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What does the ‘talking stage’ really mean?

woman standing in the kitchen holding a cup of coffee and texting on her cell phone woman using a mobile phone at home
This is what the ‘talking stage’ really meansLuis Alvarez

Dating, sex, and the language we use to talk about our romantic lives, has totally transformed over the last century. Where once there was commitment-oriented ‘courtship’ and couples ‘going steady’, ever since the sexual revolution of the 60s, ‘hook-up culture’ has become increasingly dominant. And, while casual sex is now firmly the norm, the advent of the internet and, duh, dating apps, has brought about a new, very convoluted language to describe the tumultuous stages of modern relationships. Think: ‘friends with benefits’, ‘situationship’, a ‘slow burn’ romance, or being in the ‘talking stage’.

If you’ve ever wondered what the slight but distinct differences are between these phases, you’re not alone. In fact, a group of researchers from New York’s Binghamton University have conducted a whole study into what exactly the ‘talking stage’ means, and what the use of this non-committal language says about our attitudes to and understanding of romantic relationships today.

Published in the Emerging Adulthood journal, the research surveyed 403 university students to find out what definition, purpose, and communication methods they’re referring to when they describe a stage of their romantic and sexual interactions as “just talking”. Unsurprisingly, definitions of the term varied, but participants largely referred to it as a romantic stage that can include sex or other physical intimacy, but is inherently non-committal – though it can be a precursor to a longer term romance.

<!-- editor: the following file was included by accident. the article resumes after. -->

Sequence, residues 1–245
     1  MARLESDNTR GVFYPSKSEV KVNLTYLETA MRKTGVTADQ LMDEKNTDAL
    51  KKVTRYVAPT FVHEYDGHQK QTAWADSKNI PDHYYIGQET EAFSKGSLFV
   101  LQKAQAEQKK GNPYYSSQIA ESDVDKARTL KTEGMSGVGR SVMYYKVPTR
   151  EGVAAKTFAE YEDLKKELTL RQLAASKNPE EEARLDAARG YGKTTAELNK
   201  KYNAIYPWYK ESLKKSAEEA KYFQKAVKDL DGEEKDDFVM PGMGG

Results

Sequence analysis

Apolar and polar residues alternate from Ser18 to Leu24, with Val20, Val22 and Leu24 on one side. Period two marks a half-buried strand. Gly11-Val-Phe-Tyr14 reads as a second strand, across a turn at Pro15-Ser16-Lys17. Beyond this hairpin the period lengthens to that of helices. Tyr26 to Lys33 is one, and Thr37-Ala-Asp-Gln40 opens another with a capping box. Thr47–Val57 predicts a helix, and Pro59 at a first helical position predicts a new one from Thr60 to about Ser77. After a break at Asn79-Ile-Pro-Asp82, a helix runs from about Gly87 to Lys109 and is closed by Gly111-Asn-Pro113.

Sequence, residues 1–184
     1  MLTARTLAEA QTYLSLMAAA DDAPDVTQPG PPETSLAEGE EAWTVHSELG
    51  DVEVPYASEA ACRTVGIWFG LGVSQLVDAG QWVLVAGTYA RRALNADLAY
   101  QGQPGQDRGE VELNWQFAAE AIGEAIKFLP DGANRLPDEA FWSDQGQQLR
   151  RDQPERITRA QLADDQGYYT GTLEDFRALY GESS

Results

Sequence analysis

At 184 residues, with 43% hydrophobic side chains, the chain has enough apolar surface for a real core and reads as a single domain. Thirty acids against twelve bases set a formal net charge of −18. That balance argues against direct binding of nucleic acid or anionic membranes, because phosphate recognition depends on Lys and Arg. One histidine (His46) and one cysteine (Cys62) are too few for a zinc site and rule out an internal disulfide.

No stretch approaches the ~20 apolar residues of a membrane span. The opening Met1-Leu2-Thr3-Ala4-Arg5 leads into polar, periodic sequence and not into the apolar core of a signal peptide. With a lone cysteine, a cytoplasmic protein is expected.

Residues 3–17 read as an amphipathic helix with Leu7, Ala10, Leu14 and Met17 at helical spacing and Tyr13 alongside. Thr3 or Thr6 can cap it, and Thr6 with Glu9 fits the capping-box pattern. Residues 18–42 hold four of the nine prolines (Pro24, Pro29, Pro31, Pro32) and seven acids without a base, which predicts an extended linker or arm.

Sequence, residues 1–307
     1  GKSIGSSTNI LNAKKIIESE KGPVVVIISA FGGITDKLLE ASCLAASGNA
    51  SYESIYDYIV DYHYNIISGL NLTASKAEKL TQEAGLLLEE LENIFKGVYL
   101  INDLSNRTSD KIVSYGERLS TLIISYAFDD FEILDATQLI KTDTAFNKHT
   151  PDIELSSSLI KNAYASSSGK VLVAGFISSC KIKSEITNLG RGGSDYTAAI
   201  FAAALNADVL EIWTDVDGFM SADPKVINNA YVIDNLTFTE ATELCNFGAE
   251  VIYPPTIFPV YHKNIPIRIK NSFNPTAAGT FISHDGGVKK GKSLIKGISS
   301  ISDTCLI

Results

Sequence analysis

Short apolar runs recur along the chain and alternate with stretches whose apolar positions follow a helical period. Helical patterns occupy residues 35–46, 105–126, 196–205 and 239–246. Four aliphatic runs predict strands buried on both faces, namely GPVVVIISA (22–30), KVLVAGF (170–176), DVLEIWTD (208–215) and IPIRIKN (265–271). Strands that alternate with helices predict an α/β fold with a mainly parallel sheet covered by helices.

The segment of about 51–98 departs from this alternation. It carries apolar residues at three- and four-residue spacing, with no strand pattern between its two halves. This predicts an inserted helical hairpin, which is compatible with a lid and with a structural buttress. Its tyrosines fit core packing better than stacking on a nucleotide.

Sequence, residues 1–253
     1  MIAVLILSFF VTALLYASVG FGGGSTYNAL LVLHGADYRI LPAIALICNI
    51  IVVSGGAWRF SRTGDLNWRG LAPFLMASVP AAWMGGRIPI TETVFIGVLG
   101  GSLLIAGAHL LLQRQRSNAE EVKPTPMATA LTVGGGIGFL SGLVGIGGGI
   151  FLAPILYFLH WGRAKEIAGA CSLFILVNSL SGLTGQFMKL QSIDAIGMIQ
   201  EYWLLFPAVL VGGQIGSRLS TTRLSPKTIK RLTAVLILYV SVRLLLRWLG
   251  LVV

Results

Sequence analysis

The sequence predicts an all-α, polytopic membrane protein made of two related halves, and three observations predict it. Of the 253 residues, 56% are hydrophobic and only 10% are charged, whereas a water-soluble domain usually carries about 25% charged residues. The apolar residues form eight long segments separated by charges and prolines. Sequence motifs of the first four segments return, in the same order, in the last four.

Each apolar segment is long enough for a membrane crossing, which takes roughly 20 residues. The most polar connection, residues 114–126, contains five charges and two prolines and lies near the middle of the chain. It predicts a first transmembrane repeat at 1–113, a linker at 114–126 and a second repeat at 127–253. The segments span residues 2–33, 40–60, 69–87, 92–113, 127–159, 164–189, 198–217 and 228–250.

a woman holding a phone
Tim Robberts

Later in focus groups of 37 students, researchers delved deeper into the nuances of the ‘talking stage’, asking participants to answer 11 further questions based on their previous responses. The study concluded that “just talking” typically starts with interactions via social media, and signifies a stage of exploration and gradual intimacy building that differs from ‘hooking up’ because it has the potential to become something more serious (via more intimate conversations about shared interests and values).

Not just that, but the term “just talking” allows people to build intimate connections with little to no commitment, meaning they have free reign to see other people. It also minimises the potential seriousness of the relationship, so, if it does end (and especially if it ends in rejection), they can avoid the social stigma that’s often associated with a break-up.

“In hook-up culture, emotional attachments are taboo,” researcher Melissa Hardesty explained in the study. “‘Just talking’ allows students to form emotional intimacy while downplaying the significance of such intimacy – they’re just talking. It’s striking to me that students have difficulty recognising courtship, which is a process rather than a status.”

She continued: “I think this may be because a gender-integrated social environment allows people to meet potential partners without a formal courtship strategy in place. Students almost certainly courted one another outside of hook-up culture prior to the emergence of ‘just talking’, but there didn’t seem to be a dominant or recognisable strategy.”

Just like in FWB or situationship scenarios, there’s ambiguity in the ‘talking stage’, and its interpretation could be different for everyone. Some might view it as a promising path to a potentially more serious relationship, while others might see it as a casual flirtation that, say, passes the time until they meet someone else. Essentially, it’s just a digital-era version of courtship – fuelled by 24/7 access to each other and often defined by our graveyards of dating app chats – only with an added underlying fear of both commitment and rejection (fun!). It’s not all bad, though. The ‘talking stage’ can be genuinely exciting – giving you a buzz of amorous delirium every time your phone pings – even if it ultimately doesn’t go anywhere. But there’s nothing worse than a dry convo, so make sure you brush up on your conversation skills so you can continue just talking.

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